The Comstock Act Is One of America’s Weirdest and Dumbest Laws
The strangest thing to me about the recent court case on mifepristone is not that a Texas judge ordered a hold on FDA approval of a drug that was already approved 23 years ago, nor that a Washington judge simultaneously ordered the exact opposite (that the FDA may not change the availability of the drug). The weirdest part is that the Texas ruling pretends that we are still enforcing the Comstock Act—a bullshit law with a long history, originally passed in 1873.
Who is Comstock?
Anthony Comstock was an activist who led the YMCA’s Committee for the Suppression of Vice, and he lobbied for laws in New York and at the federal level that prohibited “lewd” and “obscene” materials from being sent through the mail.
The 1873 law that bore his name was broad, vague, and far-reaching. It stipulated that “no obscene, lewd, or lascivious book, pamphlet, picture, paper, print, or other publication of an indecent character, or any article or thing designed or intended for the prevention of conception or procuring of abortion, nor any article or thing intended or adapted for any indecent or immoral use or nature, nor any written or printed card, circular, book, pamphlet, advertisement or notice of any kind giving information, directly or indirectly, where, or how, or of whom, or by what means either of the things before mentioned may be obtained or made, nor any letter upon the envelope of which, or postal-card upon which indecent or scurrilous epithets may be written or printed, shall be carried in the mail,” with devastating fines and prison sentences for anyone who mails, publishes, or advertises such things.
The Post Office made him a “special agent,” authorized to carry a gun and conduct raids. For the federal law, he needed to prove that the obscene materials were sent or advertised through the mail, but he also had the authority to enforce other obscenity laws that didn’t require use of the postal service. An 1868 New York law gave him a cut of any fines he was able to collect.
Comstock didn’t just wait for reports of “obscene” material being sent around—he personally ordered contraceptives and books on forbidden topics under fake names, then arrested the authors and publishers. Comstock reportedly considered himself responsible for 4,000 arrests and 15 people driven to suicide.
The Comstock Act censored books and magazines for nearly a century
While the recent court ruling focuses on abortion pills, the act was also used for large-scale censorship of basically the entire publishing industry in the United States.
Anatomy books? Obscene. Books on reproductive health? Also obscene. Classic literature, including Lysistrata and the Canterbury Tales, were also considered obscene, and publishers charged.
And these weren’t slap-on-the-wrist fines; entire print runs would be destroyed and publishers sentenced to prison. According to Time magazine, here is how the case went against the book Ulysses:
In 1918 Ezra Pound sent part of it to Margaret Anderson who published it in her Little Review. The U. S. Post Office Department seized and burned all copies sent through the mails.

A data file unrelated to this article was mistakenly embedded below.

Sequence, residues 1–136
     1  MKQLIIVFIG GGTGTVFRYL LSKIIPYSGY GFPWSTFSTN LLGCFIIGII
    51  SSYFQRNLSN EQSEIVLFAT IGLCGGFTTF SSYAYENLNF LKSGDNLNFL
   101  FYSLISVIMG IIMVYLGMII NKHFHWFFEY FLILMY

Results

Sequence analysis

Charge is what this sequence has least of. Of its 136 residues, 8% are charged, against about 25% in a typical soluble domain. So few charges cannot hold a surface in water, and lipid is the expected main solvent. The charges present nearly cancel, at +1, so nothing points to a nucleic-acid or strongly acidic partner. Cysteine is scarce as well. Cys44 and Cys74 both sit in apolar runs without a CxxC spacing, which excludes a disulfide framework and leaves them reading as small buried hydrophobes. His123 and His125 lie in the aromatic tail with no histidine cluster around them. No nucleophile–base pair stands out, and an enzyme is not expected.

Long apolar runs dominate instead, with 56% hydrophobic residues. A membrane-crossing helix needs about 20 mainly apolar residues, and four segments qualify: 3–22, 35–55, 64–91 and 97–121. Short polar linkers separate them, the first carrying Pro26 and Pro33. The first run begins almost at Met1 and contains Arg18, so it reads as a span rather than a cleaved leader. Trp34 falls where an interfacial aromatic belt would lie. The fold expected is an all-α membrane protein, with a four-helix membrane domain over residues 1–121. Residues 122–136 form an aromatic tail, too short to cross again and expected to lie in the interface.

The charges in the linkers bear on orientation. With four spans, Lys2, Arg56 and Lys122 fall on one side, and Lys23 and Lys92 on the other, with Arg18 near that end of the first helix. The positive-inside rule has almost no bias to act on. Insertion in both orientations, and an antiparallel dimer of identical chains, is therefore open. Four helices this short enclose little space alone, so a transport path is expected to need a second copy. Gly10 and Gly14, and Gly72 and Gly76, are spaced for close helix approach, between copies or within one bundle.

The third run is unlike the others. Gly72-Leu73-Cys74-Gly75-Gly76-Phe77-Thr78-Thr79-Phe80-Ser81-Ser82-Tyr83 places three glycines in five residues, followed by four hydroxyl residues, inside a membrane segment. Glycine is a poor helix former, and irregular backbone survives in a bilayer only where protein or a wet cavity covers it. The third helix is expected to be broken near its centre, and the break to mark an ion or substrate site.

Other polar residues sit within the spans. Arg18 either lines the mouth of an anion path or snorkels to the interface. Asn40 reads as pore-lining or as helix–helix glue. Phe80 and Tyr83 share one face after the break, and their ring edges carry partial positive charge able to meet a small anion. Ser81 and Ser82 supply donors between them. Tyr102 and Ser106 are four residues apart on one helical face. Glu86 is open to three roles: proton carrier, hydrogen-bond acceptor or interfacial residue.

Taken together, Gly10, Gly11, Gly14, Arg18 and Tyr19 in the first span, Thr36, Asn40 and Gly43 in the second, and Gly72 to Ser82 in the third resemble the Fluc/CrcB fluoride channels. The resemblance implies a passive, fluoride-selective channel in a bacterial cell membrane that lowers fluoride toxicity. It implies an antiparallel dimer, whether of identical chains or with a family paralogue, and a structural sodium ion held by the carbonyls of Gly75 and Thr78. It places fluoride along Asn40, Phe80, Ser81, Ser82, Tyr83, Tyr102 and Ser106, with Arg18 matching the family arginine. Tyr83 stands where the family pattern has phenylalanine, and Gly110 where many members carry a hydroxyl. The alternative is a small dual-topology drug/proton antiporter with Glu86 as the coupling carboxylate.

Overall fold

And the indecent materials weren’t just about sex; the definition was broad to begin with and expanded over time. A 1908 addition included arson and assassination among the topics considered indecent.
Or take Cupid’s Yokes, a pamphlet arguing that people should partner with whoever they love instead of being locked into economically and sexually exploitative marriages. The author managed to get a presidential pardon, but a publisher who reprinted it a year later was accused of destroying the “moral, physical, and spiritual life of youth” and served a prison sentence.
Court cases over the years narrowed the scope of the Comstock laws, since they pretty clearly violate our First Amendment rights. But this happened very, very slowly. For example, it wasn’t until 1958 that the Supreme Court ruled that a magazine is not automatically obscene just because it is published for gay readers.
Birth control and abortion
The 1873 act, enacted fully 100 years before Roe v. Wade, prohibited the mailing of “any article or thing designed or intended for the prevention of conception or procuring of abortion.” Surgical supplies that could theoretically be used in an abortion? A booklet about how to use the rhythm method? Such things were outlawed, along with their advertisements and letters describing where to find them or how to use them.
In 1936, the U.S. government sued a box of diaphragms (because that is how these sorts of court cases are structured) in a case that was actually brought by Margaret Sanger of Planned Parenthood fame. The case, known as United States v. One Package, containing 120, more or less, Rubber Pessaries to Prevent Conception, established that the Comstock act doesn’t apply to materials that have a legal use. Doctors could prescribe diaphragms for, say, women who they think would be healthier if they spaced out their pregnancies.
It wasn’t until 1965 that Griswold v. Connecticut established a right for married couples to use birth control if they want. In 1972, that idea was extended to unmarried people on the basis that “it is the right of the individual, married or single, to be free from unwarranted governmental intrusion into matters so fundamentally affecting a person as the decision whether to bear or beget a child.”
But last week, a Texas judge decided that none of that matters; the 1873 law says that you can’t mail abortion pills, and therefore that means you can’t mail abortion pills. Nevermind that the law hasn’t been considered constitutional or enforceable for decades.